Wisconsin nursing homes see 97-percent decrease in COVID-19 cases since late December

NOW: Wisconsin nursing homes see 97-percent decrease in COVID-19 cases since late December

MILWAUKEE (CBS 58) -- Three months ago, U.S. nursing homes experienced tens of thousands of new COVID-19 cases each day, but that number is now in the hundreds. The dramatic dip in cases is thanks to high vaccination rates. 

“That light at the end of the COVID tunnel gets brighter and brighter every day and we’ve just got to stick with it,” said Rick Abrams, president and CEO, Wisconsin Health Care Association and Wisconsin Center for Assisted Living.

Data from the American Health Care Association and National Center for Assisted Living show there’s been a 96-percent decrease in COVID-19 cases since the vaccine rollout in late December. On December 20, 2020 there were 33,540 COVID-19 cases reported in the U.S., and as of March 7, 2021 1,349 cases were reported. 

Abrams says Wisconsin nursing homes have seen an even bigger decrease, at 97-percent. Abrams says he knew this would happen as soon as shots went into the arms of people living in nursing homes.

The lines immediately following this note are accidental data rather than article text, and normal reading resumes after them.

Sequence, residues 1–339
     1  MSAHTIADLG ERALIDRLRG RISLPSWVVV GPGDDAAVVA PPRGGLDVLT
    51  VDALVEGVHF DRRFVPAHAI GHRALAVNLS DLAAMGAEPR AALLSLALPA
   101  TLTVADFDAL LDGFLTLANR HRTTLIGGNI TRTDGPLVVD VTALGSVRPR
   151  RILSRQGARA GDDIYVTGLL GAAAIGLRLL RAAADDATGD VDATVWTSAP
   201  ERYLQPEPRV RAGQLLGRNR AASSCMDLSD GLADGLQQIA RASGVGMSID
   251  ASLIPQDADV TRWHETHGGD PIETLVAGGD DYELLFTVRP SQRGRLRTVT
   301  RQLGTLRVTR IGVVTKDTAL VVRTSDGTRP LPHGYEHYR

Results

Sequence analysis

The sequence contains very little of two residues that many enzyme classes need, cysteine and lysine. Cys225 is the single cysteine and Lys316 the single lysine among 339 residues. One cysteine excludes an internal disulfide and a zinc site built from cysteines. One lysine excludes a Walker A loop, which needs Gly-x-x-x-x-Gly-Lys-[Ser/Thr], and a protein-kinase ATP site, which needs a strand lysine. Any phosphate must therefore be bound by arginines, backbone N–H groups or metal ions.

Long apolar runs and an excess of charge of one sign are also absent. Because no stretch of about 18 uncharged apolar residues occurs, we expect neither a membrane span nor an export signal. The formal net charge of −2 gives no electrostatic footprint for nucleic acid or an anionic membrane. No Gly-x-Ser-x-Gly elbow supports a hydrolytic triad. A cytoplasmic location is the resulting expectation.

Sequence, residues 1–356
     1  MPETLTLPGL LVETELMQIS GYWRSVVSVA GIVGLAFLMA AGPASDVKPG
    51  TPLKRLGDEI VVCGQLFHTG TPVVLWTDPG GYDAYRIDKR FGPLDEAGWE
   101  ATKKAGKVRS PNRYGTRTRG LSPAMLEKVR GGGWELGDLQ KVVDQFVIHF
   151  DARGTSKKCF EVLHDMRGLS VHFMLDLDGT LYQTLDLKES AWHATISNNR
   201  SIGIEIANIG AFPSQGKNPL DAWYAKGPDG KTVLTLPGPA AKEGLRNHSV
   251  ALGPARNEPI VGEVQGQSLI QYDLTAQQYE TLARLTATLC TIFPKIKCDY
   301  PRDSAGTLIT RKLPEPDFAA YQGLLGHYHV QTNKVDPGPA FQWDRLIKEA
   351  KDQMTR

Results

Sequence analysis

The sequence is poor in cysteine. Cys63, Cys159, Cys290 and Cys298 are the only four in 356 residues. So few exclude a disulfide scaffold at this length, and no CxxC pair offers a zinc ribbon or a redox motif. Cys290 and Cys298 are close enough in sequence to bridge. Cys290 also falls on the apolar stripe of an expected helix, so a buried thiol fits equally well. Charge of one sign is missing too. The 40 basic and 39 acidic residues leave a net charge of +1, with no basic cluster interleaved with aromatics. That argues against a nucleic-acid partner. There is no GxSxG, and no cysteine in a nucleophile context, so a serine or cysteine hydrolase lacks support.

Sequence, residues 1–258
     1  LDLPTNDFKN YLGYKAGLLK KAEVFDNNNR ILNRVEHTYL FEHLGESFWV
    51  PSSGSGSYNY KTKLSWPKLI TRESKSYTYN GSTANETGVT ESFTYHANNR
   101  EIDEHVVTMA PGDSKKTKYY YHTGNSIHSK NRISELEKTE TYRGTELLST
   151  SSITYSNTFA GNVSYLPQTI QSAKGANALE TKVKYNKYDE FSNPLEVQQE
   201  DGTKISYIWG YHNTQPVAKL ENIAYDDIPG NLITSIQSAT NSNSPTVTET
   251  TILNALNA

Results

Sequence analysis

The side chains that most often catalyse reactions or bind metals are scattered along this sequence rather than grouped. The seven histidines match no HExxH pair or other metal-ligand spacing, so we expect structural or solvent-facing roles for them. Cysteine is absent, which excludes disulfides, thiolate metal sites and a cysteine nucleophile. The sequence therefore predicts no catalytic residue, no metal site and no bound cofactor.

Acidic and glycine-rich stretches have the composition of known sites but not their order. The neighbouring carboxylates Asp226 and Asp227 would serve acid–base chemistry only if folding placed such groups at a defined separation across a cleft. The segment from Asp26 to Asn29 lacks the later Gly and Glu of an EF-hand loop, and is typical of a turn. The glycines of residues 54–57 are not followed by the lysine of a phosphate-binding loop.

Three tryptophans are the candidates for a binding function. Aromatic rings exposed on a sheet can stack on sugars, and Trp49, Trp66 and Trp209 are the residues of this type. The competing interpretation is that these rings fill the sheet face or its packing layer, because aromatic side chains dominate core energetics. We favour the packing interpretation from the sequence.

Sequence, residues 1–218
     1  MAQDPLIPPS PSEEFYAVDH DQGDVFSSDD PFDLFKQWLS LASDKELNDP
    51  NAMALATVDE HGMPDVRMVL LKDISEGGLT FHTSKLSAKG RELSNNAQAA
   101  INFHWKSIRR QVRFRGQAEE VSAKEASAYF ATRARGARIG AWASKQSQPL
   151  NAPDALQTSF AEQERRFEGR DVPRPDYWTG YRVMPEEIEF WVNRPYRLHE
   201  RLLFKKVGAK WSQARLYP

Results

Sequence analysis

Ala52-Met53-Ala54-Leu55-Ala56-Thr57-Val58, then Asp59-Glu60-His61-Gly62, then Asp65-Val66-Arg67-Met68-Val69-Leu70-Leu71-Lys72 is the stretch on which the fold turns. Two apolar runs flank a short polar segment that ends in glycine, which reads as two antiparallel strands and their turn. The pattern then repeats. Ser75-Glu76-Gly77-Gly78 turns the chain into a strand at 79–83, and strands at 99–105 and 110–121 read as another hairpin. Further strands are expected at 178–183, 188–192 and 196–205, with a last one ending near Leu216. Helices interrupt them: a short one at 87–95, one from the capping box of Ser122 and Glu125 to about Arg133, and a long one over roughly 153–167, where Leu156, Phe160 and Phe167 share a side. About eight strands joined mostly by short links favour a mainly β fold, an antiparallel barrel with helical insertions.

“As the infection rates come down, as vaccines go up—that means people can begin to visit their loved ones,” adds Abrams.

“Obviously very good news for a population that was really hit hard in the early days of COVID,” said Dr. William Hartman, principal investigator for the UW Health AstraZeneca clinical trial.

Abrams says it’ll help with quality of life for nursing home residents once more visitation opens up, adding data doesn’t lie.

“You’re far better off getting the vaccine than getting COVID-19, I can assure you,” he said.

Nationally, nursing homes have also seen a 91-percent decrease in deaths. From 6,037 deaths December 20, 2020 to 547 deaths March 7, 2021.

The significant decreases in deaths and cases for nursing homes comes at a time when Pfizer announced their vaccine immunity lasts at least six months, and shared it’s 100-percent effective in fighting B.1.351, a variant originating in South Africa. 

“The longer immunity, the better, and you know that’s one of the many unanswered questions,” Abrams says.

“Most important takeaway there is we have a chance to vaccinate our way out of this pandemic,” said Dr. Hartman.

Dr. Hartman says Pfizer study participants will be watched for two years and it may make a difference in the need for boosters.

“We know that we’re good at six months, we don’t need a booster in that time, we’ll see where we’re at a year and then at two years,” he adds.

“We need to listen to the science, we need to listen to the evidence, and that will direct our future conduct,” says Abrams.

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